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Sex. Celebrity. Politics. With Teeth

I'm Sorry, But Hope Hicks' Texts From the Insurrection Are Perfect

“In one day he ended every future opportunity that doesn’t include speaking engagements at the local Proud Boys chapter,” Hicks texted on January 6.

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On January 6, 2021, as scores of domestic degenerates—from a fraudulent Palm Beach boating salesman to an Ohio exterminator who stole liquor and a coat rack—descended on Capitol Hill, Rep. Alexandria Ocasio Cortez feared rape; Rep. Ilhan Omar made what she thought could be a final call to her ex-husband and the father of her children; photographers and journalists suffered violent assault; and somewhere—quite likely from a secure location—President Donald Trump’s favorite aide, Hope Hicks, fretted over future perennial joblessness, according to newly released documents.

“In one day he ended every future opportunity that doesn’t include speaking engagements at the local proud boys chapter,” Hicks texted to Ivanka Trump’s chief of staff, Julie Radford. “And all of us that didn’t have jobs lined up will be perpetually unemployed.”

“We all look like domestic terrorists now,” lamented Hicks, who Trump affectionately nicknamed “Hopey” and “Hopester”. The texts were part of the latest release of snort-inducing documents made public by the House select committee investigating the insurrection.

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“I know, like there isn’t a chance of finding a job,” Radford replied. “Visa also sent me a blow off email today.”

“Nope. Not being dramatic, but we are all fucked,” Hicks wrote. Baby, you’re from Greenwich, Connecticut. You’re bred to survive ruin!

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Perhaps the most amusing tidbit in this tête-à-tête is Hicks’ inclusion of the tepid response to the insurrection from Ivanka Trump’s sister-in-law, supermodel Karlie Kloss, who tweeted at the time: “Accepting the results of a legitimate democratic election is patriotic. Refusing to do so and inciting violence is antiAmerican.”

Hicks shared a screenshot of the tweet with Radford, along with a reply from one user who wrote: “Tell your sister-in-law and brother law.”

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“I’ve tried,” Kloss responded in another tweet.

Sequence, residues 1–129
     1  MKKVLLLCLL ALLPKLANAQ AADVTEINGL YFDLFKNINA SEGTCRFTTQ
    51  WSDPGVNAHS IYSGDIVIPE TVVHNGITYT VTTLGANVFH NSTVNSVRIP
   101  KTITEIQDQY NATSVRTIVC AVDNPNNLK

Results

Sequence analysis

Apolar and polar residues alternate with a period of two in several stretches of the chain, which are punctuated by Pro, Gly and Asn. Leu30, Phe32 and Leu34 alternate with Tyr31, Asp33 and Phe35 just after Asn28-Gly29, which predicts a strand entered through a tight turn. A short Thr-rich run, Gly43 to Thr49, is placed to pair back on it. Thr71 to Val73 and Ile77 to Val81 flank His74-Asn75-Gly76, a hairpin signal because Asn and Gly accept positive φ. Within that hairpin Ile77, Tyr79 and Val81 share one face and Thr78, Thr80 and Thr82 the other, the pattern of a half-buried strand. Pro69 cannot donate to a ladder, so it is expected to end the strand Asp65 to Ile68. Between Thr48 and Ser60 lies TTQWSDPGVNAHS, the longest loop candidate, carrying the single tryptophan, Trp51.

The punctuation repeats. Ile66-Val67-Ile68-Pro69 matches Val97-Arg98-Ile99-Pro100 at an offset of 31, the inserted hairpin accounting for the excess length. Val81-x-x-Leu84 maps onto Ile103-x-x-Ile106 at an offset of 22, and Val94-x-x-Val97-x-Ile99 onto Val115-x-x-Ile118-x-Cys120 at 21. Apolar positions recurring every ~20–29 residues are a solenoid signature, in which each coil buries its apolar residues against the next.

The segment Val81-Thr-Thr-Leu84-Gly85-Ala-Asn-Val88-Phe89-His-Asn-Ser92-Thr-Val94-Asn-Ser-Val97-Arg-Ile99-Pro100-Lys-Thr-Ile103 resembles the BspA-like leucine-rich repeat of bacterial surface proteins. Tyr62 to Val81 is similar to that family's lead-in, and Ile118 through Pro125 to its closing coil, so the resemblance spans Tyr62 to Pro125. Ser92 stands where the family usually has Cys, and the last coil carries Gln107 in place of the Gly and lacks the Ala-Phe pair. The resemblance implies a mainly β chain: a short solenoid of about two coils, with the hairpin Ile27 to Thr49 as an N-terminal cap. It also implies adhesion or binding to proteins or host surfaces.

“Unreal,” Radford wrote to Hicks of the tweets. “She just called me about it.” Whether “she” here refers to Trump or Kloss, I’m not sure. Either way, I have to giggle.

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Now, I know it’s unbecoming to begin a new year delighting in someone’s misfortunes (Hicks doesn’t yet appear to have a new gig), but I’m of the mind that anyone from the Trump administration—especially someone who was one of the former president’s most trusted and longest-serving aides—deserves to be mocked relentlessly by default.

Besides, when it comes to finances, she’s doing just fine. When Hicks left the White House in 2018 for a two-year stint as the chief communications officer and executive vice president of Fox News, she took home a whopping $1.9 million. (She returned to the White House in March 2020.) She also hails from one of Greenwich’s most prominent families: Her father was once the regional CEO of Ogilvy Public Relations Worldwide, and executive vice president of communications for the NFL. He’s currently the managing director of the Glover Park Group, a D.C. communications consulting firm. Methinks moving back in with mom and dad wouldn’t be the worst thing in the world.

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I’d be remiss not to add that Page Six reported in March 2020 that she was dating Goldman Sachs managing director and member of the president’s Intelligence Advisory Board, Jim Donovan. This is a woman with options!

And hey, if leaning on rich parents (or yes, a man) to pad her bank account until she gets back on her feet doesn’t appeal (can’t relate), Hicks could always return to modeling. There’s gotta be another mediocre book series begging for her to appear on its cover. I may be a bitch, but I’m a big enough person to admit that while Hicks will likely never serve time for enabling and empowering a serial imbecile, she has consistently served hair, body and face. The blowouts! The commitment to camel! This tuxedo moment!

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Lest anyone worry for Hicks, perhaps comfort can be found in her senior yearbook. “The future belongs to those who believe in the beauty of their dreams,” she erroneously quoted Jimmy Buffet beneath her composite photo. Never mind that Mr. Margaritaville did not say that, and the quote should’ve been attributed to Eleanor Roosevelt. Clearly, she’s an optimist.

Keep your glossy-haired head up, Hopey.